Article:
Santa Rosa, CA – July 9, 2021 – The County of Sonoma Department of Health Services has issued a Heat Alert in response to the National Weather Service’s Excessive Heat Warning for parts of the county from noon Friday, July 9, through 11 p.m. Sunday, July 11.
The Excessive Heat Warning applies to the North Bay valleys and mountainous areas of northern and eastern Sonoma County, where high temperatures are forecast in the high 90s and low 100s. Cloverdale is expected to reach 108-109 degrees on Saturday and Sunday with Petaluma and southern areas in the county expected to be in 98-99 degree range.
These weather conditions can cause heat stroke and worsen chronic medical conditions, leading to severe complications and death. Sonoma County Deputy Health Officer Dr. Kismet Baldwin urges residents to take simple steps to stay cool and help prevent heat-related illnesses.
“Extreme heat can pose dangers, but there are many things we can do to reduce heat-related problems,” said Dr. Baldwin. “While summertime heat can be dangerous for anyone, including young, healthy people, those most at risk include older adults, young children and those with chronic medical conditions such as heart, breathing or lung conditions.”
The California Independent System Operator issued a statewide Flex Alert for Friday, July 9, citing extreme temperatures across much of California and a potential capacity shortfall on the state’s electric grid. Consumers are asked to voluntarily conserve electricity from 4 p.m. to 9 p.m. Such conservation would help ease the strain on the grid during the crucial evening hours when solar energy is diminished or no longer available.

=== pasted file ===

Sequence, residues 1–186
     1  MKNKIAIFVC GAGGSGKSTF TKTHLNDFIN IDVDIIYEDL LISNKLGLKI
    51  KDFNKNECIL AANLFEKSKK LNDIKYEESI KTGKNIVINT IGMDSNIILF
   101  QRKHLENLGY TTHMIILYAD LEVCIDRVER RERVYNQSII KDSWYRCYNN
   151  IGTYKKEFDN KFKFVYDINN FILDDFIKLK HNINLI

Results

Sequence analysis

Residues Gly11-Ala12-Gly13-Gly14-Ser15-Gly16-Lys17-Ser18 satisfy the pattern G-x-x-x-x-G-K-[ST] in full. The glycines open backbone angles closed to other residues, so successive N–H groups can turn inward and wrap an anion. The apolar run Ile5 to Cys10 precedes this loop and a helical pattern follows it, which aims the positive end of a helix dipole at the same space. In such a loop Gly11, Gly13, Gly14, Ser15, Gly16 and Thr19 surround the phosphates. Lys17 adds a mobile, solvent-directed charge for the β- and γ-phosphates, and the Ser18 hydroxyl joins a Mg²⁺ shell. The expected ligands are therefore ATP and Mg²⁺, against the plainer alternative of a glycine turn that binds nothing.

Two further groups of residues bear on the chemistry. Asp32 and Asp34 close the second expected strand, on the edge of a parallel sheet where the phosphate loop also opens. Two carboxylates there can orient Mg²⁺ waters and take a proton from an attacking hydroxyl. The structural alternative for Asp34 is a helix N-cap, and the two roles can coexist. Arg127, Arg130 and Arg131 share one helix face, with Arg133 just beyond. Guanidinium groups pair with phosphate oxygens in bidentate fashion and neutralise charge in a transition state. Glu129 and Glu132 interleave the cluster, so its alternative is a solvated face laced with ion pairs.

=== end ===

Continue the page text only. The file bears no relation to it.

To protect yourself and your family when the weather is very hot, follow the tips below:
● Never leave anyone including children and pets in a parked car, even briefly. Temperatures in the car can become dangerous within a few minutes.
● Use air-conditioning to cool down or go to an air-conditioned building such as a mall or movie theater. Check indoor mask requirements for the public space you will be visiting.
● Drink plenty of fluids. Don't wait until you're thirsty to drink more fluids. Avoid alcohol, caffeine and sugary drinks. If your doctor generally limits the amount of fluid you drink or has you on water pills, ask how much you should drink while the weather is hot.
● Beat the heat with cool showers and baths.
● Stay out of the sun as much as possible.
● When possible, avoid strenuous activity during the hottest part of the day (between 11 a.m. and 4 p.m.) and take regular breaks from physical activity.
● Wear loose, lightweight, light-colored clothing to help keep cool.
● Wear sunscreen and a ventilated hat (e.g., straw or mesh) when in the sun and even if it is cloudy.
● Be aware that some medicines affect the body's ability to sweat and stay cool, including antihistamines, antidepressants, over-the-counter sleeping pills, anti-diarrhea pills, beta blockers, anti-Parkinson's drugs and psychiatric drugs. Do NOT stop taking medication unless instructed to do so by your doctor.
● Check on your neighbors such as the elderly or those in poor health to see if they need assistance.
“As always, during emergency times we must continue to look out for one another,” said Lynda Hopkins, Chair of the Sonoma County Board of Supervisors. “Keep in close contact with family, friends and neighbors who are medically fragile or work outdoors. It’s important to remind one another to seek shade, drink water and get medical assistance if signs of heat fatigue become prevalent.”
For more information about keeping cool in the summer heat, visit the County Emergency information website, www.socoemergency.org/heat or call 211. Updates on weather conditions are available from the National Weather Service www.weather.gov.